Crowds gathered outside the Jordanian embassy in Baghdad on Sunday shouting: "No, no to Jordan, close your embassy, we do not want to see you here."
  
They urged the government to file charges against the family of Raid al-Banna, who the Iraqi media says carried out a car bombing on 28 February that killed at least 118 people and wounded scores more.
  

They also demanded compensation for victims from Amman, which rejected the accusations against it and said it condemned the bombing, the worst single attack in Iraq since the US-led invasion in March 2003.
  

According to media reports, al-Banna's family organised a funeral for him during which he was a hailed as "a martyr".
  

"We condemn the act and we condemn what the family has done," Jordanian Foreign Minister Hani Mulki said.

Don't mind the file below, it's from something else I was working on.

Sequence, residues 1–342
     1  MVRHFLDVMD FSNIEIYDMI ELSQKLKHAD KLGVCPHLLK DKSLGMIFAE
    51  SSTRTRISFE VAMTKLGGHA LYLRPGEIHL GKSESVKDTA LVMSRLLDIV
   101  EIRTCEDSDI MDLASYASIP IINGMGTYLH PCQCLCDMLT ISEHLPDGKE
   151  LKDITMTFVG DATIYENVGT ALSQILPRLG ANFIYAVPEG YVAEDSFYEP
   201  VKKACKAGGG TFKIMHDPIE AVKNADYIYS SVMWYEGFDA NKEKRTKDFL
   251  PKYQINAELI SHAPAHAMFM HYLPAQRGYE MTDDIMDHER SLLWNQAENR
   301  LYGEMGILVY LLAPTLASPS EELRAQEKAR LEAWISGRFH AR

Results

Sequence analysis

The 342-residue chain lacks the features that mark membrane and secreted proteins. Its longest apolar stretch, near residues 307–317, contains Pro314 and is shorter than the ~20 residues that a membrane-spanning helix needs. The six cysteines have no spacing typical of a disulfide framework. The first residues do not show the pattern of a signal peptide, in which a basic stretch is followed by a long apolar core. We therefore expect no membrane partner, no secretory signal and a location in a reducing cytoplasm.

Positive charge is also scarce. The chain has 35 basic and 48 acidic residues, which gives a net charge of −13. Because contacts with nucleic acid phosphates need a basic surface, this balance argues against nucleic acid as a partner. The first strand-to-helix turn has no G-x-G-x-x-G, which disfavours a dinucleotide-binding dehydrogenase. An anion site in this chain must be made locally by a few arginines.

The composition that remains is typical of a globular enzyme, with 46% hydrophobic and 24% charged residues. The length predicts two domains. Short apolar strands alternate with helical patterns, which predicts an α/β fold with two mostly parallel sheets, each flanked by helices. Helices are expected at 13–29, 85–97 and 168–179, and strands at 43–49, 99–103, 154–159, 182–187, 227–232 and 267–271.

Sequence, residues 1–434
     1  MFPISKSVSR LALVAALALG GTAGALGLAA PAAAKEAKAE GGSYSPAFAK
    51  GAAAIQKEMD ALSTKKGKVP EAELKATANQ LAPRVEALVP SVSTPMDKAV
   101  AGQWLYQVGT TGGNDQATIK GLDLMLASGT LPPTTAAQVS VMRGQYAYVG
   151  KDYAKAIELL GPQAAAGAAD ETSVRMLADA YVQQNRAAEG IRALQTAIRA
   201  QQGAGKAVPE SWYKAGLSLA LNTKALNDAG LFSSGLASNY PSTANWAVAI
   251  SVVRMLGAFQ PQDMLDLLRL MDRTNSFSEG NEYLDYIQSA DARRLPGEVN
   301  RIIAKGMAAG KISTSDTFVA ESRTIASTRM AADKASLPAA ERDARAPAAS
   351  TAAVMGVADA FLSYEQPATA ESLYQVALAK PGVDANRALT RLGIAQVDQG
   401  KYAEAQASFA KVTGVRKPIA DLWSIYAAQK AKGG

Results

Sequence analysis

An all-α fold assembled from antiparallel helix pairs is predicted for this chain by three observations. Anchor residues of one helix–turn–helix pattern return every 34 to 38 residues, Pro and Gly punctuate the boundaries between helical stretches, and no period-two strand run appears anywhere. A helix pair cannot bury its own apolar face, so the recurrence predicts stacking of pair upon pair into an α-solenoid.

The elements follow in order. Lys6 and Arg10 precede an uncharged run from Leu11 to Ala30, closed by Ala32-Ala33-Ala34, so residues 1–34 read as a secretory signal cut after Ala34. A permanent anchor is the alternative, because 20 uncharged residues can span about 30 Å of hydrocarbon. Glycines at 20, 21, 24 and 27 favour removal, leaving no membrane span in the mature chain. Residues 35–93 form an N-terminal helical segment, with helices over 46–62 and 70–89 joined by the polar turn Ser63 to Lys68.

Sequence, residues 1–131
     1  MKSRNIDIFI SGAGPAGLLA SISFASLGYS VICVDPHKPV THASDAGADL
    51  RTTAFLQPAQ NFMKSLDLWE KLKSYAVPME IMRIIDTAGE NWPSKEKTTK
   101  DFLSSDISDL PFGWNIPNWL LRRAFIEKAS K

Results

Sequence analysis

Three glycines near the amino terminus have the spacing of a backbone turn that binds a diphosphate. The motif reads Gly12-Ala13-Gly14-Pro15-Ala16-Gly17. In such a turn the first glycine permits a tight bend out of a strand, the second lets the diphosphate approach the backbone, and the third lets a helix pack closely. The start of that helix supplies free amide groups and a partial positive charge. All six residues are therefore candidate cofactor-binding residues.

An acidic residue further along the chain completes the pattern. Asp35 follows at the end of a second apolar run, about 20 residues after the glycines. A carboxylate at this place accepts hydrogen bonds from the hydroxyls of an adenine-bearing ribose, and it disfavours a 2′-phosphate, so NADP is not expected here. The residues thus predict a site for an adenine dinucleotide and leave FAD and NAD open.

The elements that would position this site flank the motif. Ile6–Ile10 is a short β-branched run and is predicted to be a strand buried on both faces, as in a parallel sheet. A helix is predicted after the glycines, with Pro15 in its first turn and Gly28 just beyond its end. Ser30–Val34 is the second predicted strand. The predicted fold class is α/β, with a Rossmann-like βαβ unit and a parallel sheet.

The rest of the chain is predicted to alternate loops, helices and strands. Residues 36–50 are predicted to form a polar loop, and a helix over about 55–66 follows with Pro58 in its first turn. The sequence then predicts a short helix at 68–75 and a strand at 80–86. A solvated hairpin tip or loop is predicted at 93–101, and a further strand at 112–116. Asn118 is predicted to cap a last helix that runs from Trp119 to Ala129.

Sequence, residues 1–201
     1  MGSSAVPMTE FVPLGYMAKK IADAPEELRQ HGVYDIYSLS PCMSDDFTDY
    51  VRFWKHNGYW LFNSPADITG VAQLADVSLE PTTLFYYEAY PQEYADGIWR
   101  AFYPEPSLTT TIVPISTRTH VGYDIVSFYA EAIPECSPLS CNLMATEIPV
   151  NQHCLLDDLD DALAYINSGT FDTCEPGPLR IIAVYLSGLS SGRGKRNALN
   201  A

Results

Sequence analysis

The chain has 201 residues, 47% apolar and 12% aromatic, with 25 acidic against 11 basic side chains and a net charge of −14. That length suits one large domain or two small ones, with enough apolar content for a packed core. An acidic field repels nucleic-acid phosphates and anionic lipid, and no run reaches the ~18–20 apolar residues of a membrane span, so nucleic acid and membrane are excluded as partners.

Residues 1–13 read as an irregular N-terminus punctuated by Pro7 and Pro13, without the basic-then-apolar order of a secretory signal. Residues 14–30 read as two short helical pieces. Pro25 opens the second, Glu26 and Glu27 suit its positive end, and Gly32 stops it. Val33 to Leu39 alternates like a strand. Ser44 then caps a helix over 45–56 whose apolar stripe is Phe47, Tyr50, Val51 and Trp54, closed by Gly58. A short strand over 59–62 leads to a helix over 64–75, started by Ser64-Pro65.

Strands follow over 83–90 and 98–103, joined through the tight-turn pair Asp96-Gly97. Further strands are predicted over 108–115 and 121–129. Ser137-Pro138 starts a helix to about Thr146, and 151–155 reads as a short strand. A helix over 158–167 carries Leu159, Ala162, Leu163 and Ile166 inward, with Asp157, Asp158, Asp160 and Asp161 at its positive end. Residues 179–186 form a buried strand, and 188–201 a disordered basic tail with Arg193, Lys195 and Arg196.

Devastating attack

 

"The Jordanian government has condemned more than once all kinds of terrorism and criminal acts committed by terrorists in Iraq, including attacks against civilians," added government spokeswoman Asma Khudr.

 

The attack in al-Hilla killed at
least 118 people

Al-Banna's father Mansur has denied his son might have been involved in the bombing at al-Hilla.
  

He said he received a phone call on 3 March from someone speaking with an Iraqi accent telling him his son had become "a martyr".
  

Al-Banna's family says it had not heard from him since mid-February when he went to Saudi Arabia and called to say he had found work there.

  

His relatives say he was a devout Muslim who became more religious about six months ago, but denied he had links to Jordanian born Abu Musab al-Zarqawi, blamed for attacks in the violence-torn country.
  

The bombing in al-Hilla, which targeted former civil servants lining up for a medical check-up at a clinic in the predominantly Shia city, was claimed by al-Zarqawi's group in an internet statement.